Stephen Senn very kindly answered a post I wrote on p-values (Unsignificant Statistics: Or Die P-Value, Die Die Die) by sending me his “You May Believe You Are a Bayesian But You Are Probably Wrong” (in Rationality, Markets and Morals).
Since I will be teaching at Cornell these two weeks, and the topics are the same, I will use part of this time to answer his paper in depth.
It would be best to start here Subjective , since that series explains matters in greater detail. Versus Objective Bayes (Versus Frequentism): Part I
Senn went wrong before he even began, with his title: “You May Believe You Are a Bayesian But You Are Probably Wrong.” If you are only “probably wrong” about your belief then you also might be right. And if you were certainly wrong, then we would have a proof which says so. A proof is a string of deductions, i.e. a valid and sound argument, which begins with obviously true premises (agreed to by all) and ends at a proposition we must believe—even if we don’t want to.
Senn does not have, nor does he claim to have, a proof which shows being a Bayesian is certainly wrong. It is only his best guess that this philosophy is wrong. Probably wrong. So here we are, already at probability. What could Senn mean by his probabilistic statement “probably wrong”? (Besides the pun, I mean.) It can’t be any kind of frequentist statement, as in “I’ve collected a ‘random sample’ of Bayesian philosophies, itself embedded in an infinite sequence of such philosophies, and the mean of this sample (considering errors in theory equal to zero) tends towards zero.” That makes no kind of sense, as I’m sure Senn would agree, but it would have to if probability was frequentism.
Bayesian philosophy, at best, comes in a finite number of flavors. It could be that some of these are false (I agree subjectivism, as it is usually understood, is), but in no way can we imagine any individual theory as being embedded in an infinite sequence of theories, which is required for frequentist theory to hold. No: either we can prove each theory true or false, or our evidence is not (yet?) sufficient, and thus we are only probably sure each theory is true or false. This sounds like a Bayesian statement, no? (If so, do we fail because of self-reference? Well, no, because we can build this theory from simpler propositions.)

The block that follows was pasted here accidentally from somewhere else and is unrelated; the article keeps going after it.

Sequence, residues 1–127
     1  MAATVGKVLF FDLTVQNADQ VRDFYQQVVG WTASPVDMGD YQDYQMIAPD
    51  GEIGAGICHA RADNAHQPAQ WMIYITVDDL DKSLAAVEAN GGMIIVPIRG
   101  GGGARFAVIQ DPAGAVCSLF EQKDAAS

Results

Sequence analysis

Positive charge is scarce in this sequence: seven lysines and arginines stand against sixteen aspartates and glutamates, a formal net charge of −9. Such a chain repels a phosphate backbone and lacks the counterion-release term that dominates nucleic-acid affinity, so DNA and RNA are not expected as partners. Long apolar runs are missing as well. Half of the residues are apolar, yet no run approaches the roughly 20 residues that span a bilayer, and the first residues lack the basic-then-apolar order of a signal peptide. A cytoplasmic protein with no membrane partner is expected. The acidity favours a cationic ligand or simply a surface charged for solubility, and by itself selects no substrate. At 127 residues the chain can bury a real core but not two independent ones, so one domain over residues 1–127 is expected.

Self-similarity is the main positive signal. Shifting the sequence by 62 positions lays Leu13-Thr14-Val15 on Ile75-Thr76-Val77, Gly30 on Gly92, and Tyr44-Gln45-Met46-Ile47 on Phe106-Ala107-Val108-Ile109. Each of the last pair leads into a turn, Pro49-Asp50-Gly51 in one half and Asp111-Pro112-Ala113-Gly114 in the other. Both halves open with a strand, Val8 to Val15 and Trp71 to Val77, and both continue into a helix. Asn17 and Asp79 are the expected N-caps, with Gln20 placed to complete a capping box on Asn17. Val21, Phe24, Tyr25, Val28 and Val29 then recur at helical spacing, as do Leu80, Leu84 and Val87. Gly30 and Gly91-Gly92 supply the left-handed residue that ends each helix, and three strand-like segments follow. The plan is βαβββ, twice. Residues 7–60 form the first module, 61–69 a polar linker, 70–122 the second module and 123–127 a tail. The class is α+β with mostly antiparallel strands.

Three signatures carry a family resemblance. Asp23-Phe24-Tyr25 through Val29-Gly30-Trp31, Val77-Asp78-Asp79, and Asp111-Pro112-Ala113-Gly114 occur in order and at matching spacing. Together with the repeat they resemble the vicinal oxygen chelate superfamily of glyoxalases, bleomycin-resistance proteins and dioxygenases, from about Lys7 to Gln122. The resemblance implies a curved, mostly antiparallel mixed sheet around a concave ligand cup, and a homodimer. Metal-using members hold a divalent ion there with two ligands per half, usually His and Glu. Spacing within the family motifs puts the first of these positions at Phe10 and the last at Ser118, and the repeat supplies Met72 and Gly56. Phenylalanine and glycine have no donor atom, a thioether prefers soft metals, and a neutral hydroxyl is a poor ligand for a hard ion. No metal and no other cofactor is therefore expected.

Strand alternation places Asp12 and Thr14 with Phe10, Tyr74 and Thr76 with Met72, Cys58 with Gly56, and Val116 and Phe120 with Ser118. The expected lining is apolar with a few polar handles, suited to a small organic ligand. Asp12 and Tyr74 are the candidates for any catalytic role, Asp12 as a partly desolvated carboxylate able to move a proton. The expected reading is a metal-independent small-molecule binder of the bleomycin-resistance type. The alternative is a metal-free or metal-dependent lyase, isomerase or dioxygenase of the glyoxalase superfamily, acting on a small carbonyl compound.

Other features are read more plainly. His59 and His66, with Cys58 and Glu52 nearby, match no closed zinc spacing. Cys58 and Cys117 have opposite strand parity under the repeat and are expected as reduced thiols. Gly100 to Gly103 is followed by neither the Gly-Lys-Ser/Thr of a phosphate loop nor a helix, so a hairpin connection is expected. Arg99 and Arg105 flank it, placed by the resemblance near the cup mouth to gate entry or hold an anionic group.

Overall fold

It could be that Senn took a subjective Bayesian tack when he formed his title, or perhaps he took a logical probability, or objective, Bayesian one. (Incidentally, I’ll call this latter theory LPB for short.) Or he could have meant some as yet unknown (or at least unidentified) theory. Whatever it was, it couldn’t have been frequentism, as shown.
His leading candidate is eclecticism (Senn is not frequentist), which is one of two things. One is no belief at all. It means “I’ll do whatever I want whenever it seems good to me.” There is no theory here to disprove, nor prove. To say “I’m an eclectic” this way means “I don’t want to argue for anything, just against things.” Since we go nowhere engaging with this “theory”, we pass on to number two. This is to say, “I’ll take a little of that, some of this, and some of the other.” Here we have several sub-theories. As such, this kind of eclecticism is actually a whole theory (the compilation of sub-theories) which might be true or false. Thus Senn might have used Bayes for his title and he might use frequentism for (say) dice tosses.
Senn recalls that Fisher himself was “skeptical” of attempts to unify probability. Hacking, another Big Cheese, in line with other well-aged curds, is of the same opinion. Why should we have a theory? Why not many? The obvious answer to this is that there is that which is true and that which is false and we should seek the truth. If it turns out a theory of probability works for all kinds of uncertainty, we’re stuck with it. If it must be that several theories are true, then we must accept them all. But it’s wrong to use desire or suspicion as proof there are many and not one theory.
Senn himself proved that frequentism is out (and forever) as a complete theory of probability because it cannot handle propositions like his “probably wrong.” But this isn’t proof that Bayes everywhere right; not yet. Senn’s later examples might be sufficient to show all versions of Bayes are wrong, in which case some other theory must be true.
But we’ll have to see next time, because we’re already out of space, and because next topic isn’t simple.